Roof pitch is the measure of the slant of your roof. It is one of the many important elements of your roof, and there’s good reason to understand its purpose and what it means for the health and safety of the roof over your head.
Not long ago, the local news in Ellisburg, NY reported that a barn roof collapsed and killed some cows during a winter storm. A day later, an elementary school roof collapsed in Montana, but thankfully no injuries were reported. Roof collapse is such a problem in snowy climates that the Massachusetts state government even publishes guidelines on clearing snow in ways that avoid roof collapse. The guidelines mention that “flat and low-pitched roofs — mostly found on industrial buildings but also used in certain home designs — are at the greatest risk of buckling under heavy snow and ice accumulations.” So clearly, roof pitch matters in terms of the integrity of a building and safety. But what is roof pitch, exactly?
Roof Pitch Defined
Roof pitch is one of the most visible aspects of a roof. It’s the measure of the steepness of a roof, or its slope. Roof pitch is expressed as a ratio of the roof’s vertical rise to its horizontal span, or “run.” In the United States, roof pitch is typically measured in inches and expressed as a ratio. The higher the first number (rise) in the ratio, the steeper the roof. The second number is the horizontal area measured, usually measured as a standard 12 inches (one foot of roof). So a roof pitch of 10:12, as seen below, means for every 12 horizontal inches of roof, the roof rises 10 inches. This is a steep slope roof.
For the curious or do-it-yourselfers, Wikihow has a good explanation on how to measure the pitch of your roof in easy to follow steps. Just use common ladder and roof safety rules, or, if you have one, you can take the measurements from inside your attic.
Why is Roof Pitch Important?
Roof pitch is mainly intended to allow run-off of rain and snow. Most of the time, areas where higher levels of snow or rainfall are common prefer to build roofs with steeper pitch. Well-built roofs are designed to prevent pooling of water or accumulation of snow, as over time, these can cause roof damage, from mold and leaks to cracks, or even collapse. Many states, particularly northern states where snowfall is a normal occurrence, include minimum pitch levels in their building codes. This insurance carrier gives some general guidelines on calculating safe snow load for homeowners dealing with a surprise heavy snowfall that some areas have experienced in the last few years.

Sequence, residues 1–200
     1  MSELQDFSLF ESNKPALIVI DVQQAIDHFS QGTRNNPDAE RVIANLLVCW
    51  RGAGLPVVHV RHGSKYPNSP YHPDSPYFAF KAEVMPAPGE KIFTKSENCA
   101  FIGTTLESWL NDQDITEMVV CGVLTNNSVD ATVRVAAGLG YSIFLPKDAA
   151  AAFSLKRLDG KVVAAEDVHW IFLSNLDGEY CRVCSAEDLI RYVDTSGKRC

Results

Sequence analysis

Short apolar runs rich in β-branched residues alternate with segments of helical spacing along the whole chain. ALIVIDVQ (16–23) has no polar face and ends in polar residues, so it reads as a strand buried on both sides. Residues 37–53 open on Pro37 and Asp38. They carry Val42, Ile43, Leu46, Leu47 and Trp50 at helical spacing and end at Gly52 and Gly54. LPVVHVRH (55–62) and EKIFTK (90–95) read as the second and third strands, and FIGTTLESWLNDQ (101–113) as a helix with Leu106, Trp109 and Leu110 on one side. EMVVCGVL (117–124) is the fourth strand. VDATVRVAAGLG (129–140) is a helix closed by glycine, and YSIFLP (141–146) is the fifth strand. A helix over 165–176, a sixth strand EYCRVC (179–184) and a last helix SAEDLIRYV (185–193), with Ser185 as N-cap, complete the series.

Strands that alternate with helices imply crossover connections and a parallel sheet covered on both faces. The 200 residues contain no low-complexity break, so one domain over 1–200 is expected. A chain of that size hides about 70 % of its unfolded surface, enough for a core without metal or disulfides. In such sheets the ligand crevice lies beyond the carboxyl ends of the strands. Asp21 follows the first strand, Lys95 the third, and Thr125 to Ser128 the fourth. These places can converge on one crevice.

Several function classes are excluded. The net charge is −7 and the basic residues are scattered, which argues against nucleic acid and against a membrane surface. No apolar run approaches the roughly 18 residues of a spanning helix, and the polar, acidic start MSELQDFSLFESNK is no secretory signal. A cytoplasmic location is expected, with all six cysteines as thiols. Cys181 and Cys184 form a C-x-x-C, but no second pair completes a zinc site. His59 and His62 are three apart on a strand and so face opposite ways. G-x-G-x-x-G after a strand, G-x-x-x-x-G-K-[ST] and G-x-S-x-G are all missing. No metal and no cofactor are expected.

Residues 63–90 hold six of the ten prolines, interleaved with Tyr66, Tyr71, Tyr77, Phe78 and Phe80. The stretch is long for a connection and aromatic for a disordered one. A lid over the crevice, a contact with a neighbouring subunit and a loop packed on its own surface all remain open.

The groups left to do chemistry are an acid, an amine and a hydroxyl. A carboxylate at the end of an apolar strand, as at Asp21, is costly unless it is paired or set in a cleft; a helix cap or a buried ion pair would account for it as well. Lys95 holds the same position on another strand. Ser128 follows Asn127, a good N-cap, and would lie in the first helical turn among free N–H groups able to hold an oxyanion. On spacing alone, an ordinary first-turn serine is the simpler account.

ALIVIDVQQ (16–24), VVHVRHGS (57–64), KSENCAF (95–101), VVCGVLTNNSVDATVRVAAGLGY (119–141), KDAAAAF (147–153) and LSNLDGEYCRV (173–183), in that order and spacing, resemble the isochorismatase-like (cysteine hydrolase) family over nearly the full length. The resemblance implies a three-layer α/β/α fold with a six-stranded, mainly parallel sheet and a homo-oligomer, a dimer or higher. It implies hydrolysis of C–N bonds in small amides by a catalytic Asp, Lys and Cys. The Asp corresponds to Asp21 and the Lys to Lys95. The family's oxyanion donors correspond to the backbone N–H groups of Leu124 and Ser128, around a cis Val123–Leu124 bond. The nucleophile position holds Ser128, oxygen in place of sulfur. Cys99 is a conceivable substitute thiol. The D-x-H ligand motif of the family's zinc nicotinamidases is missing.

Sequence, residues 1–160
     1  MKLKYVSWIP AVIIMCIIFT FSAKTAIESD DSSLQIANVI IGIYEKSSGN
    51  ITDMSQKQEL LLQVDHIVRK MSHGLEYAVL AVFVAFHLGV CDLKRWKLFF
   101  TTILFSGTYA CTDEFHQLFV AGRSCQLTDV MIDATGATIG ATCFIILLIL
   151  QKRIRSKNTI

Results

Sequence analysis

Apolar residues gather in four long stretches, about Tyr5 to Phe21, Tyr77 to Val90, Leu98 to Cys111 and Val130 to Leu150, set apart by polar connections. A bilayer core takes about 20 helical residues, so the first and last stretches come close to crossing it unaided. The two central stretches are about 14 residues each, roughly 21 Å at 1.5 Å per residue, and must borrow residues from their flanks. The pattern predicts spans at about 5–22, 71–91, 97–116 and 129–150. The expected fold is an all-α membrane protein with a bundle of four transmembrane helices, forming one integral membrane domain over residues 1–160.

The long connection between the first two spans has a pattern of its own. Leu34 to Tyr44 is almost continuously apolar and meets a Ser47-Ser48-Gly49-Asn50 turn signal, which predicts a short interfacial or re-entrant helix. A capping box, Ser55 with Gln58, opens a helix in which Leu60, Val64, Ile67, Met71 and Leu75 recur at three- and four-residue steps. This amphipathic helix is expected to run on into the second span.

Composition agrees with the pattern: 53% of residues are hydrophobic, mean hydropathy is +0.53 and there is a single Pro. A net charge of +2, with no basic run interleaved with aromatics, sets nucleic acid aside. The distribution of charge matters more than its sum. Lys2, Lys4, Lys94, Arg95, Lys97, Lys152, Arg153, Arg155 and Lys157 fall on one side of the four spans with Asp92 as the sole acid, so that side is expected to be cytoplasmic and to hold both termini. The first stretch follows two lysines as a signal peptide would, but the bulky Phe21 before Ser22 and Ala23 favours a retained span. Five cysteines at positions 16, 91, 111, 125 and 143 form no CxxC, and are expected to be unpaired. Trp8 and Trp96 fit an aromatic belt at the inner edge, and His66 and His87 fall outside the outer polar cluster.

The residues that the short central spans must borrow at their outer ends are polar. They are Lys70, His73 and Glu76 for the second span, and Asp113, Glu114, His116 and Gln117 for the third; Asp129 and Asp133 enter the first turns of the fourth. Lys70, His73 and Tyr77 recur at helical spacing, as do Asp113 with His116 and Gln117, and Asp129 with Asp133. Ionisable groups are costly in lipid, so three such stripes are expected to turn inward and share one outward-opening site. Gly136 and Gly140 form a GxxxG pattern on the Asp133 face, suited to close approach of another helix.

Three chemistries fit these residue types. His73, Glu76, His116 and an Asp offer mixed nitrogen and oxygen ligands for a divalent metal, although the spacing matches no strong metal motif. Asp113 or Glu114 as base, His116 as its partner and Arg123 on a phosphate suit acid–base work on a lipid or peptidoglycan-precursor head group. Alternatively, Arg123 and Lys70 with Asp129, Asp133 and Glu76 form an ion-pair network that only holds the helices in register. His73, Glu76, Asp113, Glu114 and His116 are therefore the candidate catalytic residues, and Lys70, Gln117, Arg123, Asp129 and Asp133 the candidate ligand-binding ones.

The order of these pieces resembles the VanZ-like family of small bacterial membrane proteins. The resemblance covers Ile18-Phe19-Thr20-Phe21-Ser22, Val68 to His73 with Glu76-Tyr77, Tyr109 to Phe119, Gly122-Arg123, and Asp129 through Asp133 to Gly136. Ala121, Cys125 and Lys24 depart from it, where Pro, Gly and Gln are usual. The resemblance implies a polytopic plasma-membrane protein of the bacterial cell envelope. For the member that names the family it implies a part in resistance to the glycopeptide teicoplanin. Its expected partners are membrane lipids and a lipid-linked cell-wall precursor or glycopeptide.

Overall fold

Common Types of Roof Pitch
While categories of roof pitch are not strictly defined, typically they may be grouped as follows:
- Flat – No roof is truly flat, since they are at least slightly angled in order to allow for drainage of water, and thus flat roofs are those that have a pitch (in inches) of only ½ :12 to 1:12.
- Low-slope – 1:12 to 4:12. Low-slope roofs require special techniques and materials to prevent leaks. Flat and low-slope roofs are easily to walk on, but are much less efficient at allowing the run-off of rain and snow.
- Medium-slope – 4:12 to 9:12, which are often mathematically reduced and expressed as 1:3 and 3:4. Roofs with pitches of 6:12 are the most common. A nice balance between water and snow run-off and ease of access.
- Steep-slope – Any pitch above 9:12. These roofs may require extra fasteners, and these steeper roofs are very challenging to walk on.
Many homes are built with a steep pitch because the angled shapes are attractive to the eye. Building a high pitched roof costs a little more as the vertical angle means the roof span is longer and more materials are required to build it. A high pitch roof may also require more skilled labor to build and maintain. Decorative additions like gables or eaves will add more cost, but these also add to the interest and charm of the roof.
Generally, though, in areas with no more than light snows, a fairly low pitched roof does the job and fits well with popular styles like ranch homes and most homes in the Southwest. Some materials are more appropriate for a low pitch, such as metal or concrete roofing, while tile and shingles, which are layered to shed precipitation, work best on moderate to high pitch roofing.
Of course, climate is a key factor in selecting the roof pitch for your home. If you live in a heavy snow zone, you’ll want a higher pitch roof to protect from snow loads being trapped on your roof. Here in Southern Nevada, while our homes don’t require high slopes, our seasonal and intense monsoon rains justify having enough roof pitch to make sure that water can be shed quickly from your roof. Your roofer can go over all your options if you are re-roofing or designing a new home.
Prestige Roofing Can Answer Your Roofing Questions
Customers in Southern Nevada, Utah and Arizona can rely on Prestige Roofing in North Las Vegas for professional advice and installation of quality roofs. We are not only licensed roofers but TRI (Tile Roofing Institute) Certified Installers as well. Whatever your roofing needs, don’t hesitate to call the professionals at Prestige Roofing.